The United States needs to show more flexibility towards resolving “core” issues if it expects to get an agreement on the controversial trade deal sometime this spring, before looming political uncertainties set in, Canada’s chief NAFTA negotiator said Wednesday.
“There’s obviously some significant gaps on many issues,” said Steve Verheul, who was in Ottawa for a labour-focused roundtable discussion on the state of Canada-U.S. trade.
There are “a whole range of chapters where we’re not that far apart,” Verheul said. “But on the core, most important issues, there is a significant amount of work still to be done.”
Verheul reiterated the sticking points: the U.S. positions on autos, a proposed sunset clause, access to U.S. government procurement and the American desire to opt out of a dispute resolution chapter.
Verheul’s blunt assessment appeared to fly in the face of the more optimistic note U.S. Trade Representative Robert Lighthizer tried to sound earlier Wednesday during an interview with U.S. broadcaster CNBC.
“I’m hopeful. I think we are making progress. All three parties want to move forward,” said Lighthizer, the top U.S. trade official.
”If there’s a real effort made to try to close out and to compromise and to do some of the things we all know we should do, I’m optimistic we can get something done, in principle, in the next little bit.“
Verheul was decidedly less bullish, saying Canada has yet to see “what the U.S. means by an agreement in principle.”
“An agreement in principle to our understanding means some sense of direction on the big issues, the important issues. We have not seen that from the U.S. so far,” Verheul said.
“If we’re going to achieve that, we would clearly require some considerable flexibility in the U.S. positions.”
In an effort to get a speedy deal, the U.S. appears to have backed away from one of its most contentious demands and is no longer insisting that 50 per cent of cars be made in the U.S., and is now floating a different formula based on autoworker salaries.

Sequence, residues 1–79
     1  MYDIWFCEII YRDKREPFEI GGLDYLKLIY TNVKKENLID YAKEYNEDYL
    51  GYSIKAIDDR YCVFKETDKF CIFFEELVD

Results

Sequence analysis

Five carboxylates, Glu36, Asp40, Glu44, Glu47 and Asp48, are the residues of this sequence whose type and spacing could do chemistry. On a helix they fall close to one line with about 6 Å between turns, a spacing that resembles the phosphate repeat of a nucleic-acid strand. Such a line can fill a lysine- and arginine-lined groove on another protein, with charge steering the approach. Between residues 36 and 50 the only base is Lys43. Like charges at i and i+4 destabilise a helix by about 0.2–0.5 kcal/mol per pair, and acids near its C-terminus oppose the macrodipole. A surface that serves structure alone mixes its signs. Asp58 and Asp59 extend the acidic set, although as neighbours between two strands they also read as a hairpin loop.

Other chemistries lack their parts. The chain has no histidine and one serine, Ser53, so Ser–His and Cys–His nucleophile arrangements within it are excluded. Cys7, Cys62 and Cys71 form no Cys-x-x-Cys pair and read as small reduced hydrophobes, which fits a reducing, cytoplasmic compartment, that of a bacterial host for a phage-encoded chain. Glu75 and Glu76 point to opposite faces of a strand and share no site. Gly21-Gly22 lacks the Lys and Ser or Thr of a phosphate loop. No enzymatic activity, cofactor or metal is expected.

In the early rounds, the Americans angered their Canadian and Mexican counterparts with a two-pronged proposal: on the one hand, drastically increasing the percentage of North American parts a car must have to avoid a tariff, while on the other hand insisting that half the parts be American. Other countries called that a non-starter.
Now, according to sources familiar with the latest developments, the U.S. has offered to replace the 50-per-cent requirement with another idea designed to encourage American manufacturing: a formula that credits car companies for paying more than $15 per hour.
That would, by definition, favour manufacturing in the northern part of the continent _ because Mexican auto-workers’ wages average only a few dollars per hour.
Lighthizer also alluded Wednesday to the political pressure of the continent’s ticking electoral clock: ”We have a short window because of elections and things beyond our control.”
The democratic calendar means that a deal must be completed by June in order to allow ratification votes in 2018 _ before the current Mexican government leaves office, and before the midterms potentially reconfigure the U.S. Congress.
The Trump administration fears a failure to obtain an agreement within several weeks would mean talks would drag into 2019 and into a more uncertain political environment.
But the reason for the U.S. hurry is spelled out in its own domestic trade law.
The law sets 195 days for consultations on a new trade agreement before lawmakers can vote. It so happens that the absolute drop-dead date for starting that 195-day clock, before a new Congress takes office on Jan. 3, 2019, is June 21 _ the first day of summer.
One trade expert says the practical deadline is actually even earlier.
Dan Ujczo of the firm Dickinson Wright, said the real deadline is mid-May. That would allow time for a pause before the Mexican election July 1, leave room for procedural snags, and permit a vote before Congress leaves Washington at Christmas.
Lighthizer has also said he’s seeking policies that lift Mexican wages to discourage cheap-labour outsourcing; he has mentioned, as one example, reforms to collective-bargaining procedures.